Around these parts, writing is part of the fabric of the everyday. Below are two ways that writing happens in our home – the first is more of an ‘assigned’ type of writing that is part of our homeschool, and the second is very much something that happens in the spur of the moment (or if it happens too late, in frustration and tears).
The other day a blogger shared a photo of a wise quote they have in their home. Start each day with gratitude. Yes. In the summer I purchased lined notebooks that I planned for use as gratitude journals. As with even the best laid plans, ours went astray, and it was only in November that we took pencil to our journals and jotted down words of thankfulness. We are following along with Ann Voskamp’s monthly Joy Dares, though to keep it simple, we write down one rather than three gifts we are thankful for each day. We also modify to make the ideas a good fit for our family and for the age range of our little ones. I love using Ann’s lists, as they prompt us and remind us of the breadth of things we have to be grateful for.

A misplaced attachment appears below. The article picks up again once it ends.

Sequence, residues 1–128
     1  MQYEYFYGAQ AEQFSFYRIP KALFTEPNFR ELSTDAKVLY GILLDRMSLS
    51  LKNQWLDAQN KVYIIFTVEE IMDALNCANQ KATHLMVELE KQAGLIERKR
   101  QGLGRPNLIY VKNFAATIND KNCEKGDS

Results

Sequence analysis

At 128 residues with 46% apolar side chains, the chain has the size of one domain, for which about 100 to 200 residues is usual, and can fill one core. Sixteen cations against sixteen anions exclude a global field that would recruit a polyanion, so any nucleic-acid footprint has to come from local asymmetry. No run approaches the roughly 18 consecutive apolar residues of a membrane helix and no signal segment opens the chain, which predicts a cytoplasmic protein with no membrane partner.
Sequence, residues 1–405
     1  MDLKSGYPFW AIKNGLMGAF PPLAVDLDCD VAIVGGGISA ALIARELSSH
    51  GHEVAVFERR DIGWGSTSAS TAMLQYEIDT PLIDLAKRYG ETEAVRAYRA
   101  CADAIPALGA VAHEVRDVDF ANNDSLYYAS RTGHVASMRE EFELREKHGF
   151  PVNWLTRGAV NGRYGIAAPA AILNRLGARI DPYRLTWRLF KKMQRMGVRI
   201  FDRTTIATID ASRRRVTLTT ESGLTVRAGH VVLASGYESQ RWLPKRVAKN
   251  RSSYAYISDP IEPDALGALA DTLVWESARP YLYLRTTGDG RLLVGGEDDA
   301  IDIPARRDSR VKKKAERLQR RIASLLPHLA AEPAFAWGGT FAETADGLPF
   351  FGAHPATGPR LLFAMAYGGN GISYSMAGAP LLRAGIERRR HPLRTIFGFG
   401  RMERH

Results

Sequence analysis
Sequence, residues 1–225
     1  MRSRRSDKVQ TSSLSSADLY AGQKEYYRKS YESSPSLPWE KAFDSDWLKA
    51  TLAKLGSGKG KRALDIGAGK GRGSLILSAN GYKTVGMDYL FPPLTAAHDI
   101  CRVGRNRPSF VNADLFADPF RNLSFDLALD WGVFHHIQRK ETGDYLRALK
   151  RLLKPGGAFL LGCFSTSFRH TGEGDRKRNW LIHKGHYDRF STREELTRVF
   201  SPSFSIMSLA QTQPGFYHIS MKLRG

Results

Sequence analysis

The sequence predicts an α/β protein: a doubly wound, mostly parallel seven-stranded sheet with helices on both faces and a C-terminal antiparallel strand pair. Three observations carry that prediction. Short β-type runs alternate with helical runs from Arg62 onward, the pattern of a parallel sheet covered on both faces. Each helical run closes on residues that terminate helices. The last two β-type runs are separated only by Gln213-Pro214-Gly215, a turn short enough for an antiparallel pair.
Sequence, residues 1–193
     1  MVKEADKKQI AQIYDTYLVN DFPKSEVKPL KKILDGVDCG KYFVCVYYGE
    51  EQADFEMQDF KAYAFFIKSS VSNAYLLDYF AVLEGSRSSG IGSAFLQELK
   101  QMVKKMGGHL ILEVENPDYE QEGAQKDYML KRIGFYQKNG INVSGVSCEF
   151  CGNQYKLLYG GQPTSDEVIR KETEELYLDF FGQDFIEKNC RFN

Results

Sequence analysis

One of the best ways we’ve found to diffuse an upsetting situation where one of our children really wants to do something and there isn’t time left in the day, is to offer up the idea to write down a reminder. Even at age 3, these reminders worked wonders. The tears dried up as the pencil worked the paper, drawing a bicycle to be ridden the next day, or a slide that is waiting to be slid down. We place the reminder in a spot where we’ll see it and we take care to honour their act of recording their wishes. This simple act of writing allows kids to see that their needs are recognized, and their feelings honoured. It empowers them and calms them. I do hope that it will work for your little ones as well.
Though one of our littles ones writes reminders often, I couldn’t find a lot of them around the house or in our memory boxes. The photo below is the only one I could find and was written by our son when he was about 4 years old. He wrote the first thing he wanted to do on the weekend out as a word – tobogganing – and then drew scootering and hockey.
Check out the first part in the Writing with Kids series, DIY Writing Stations.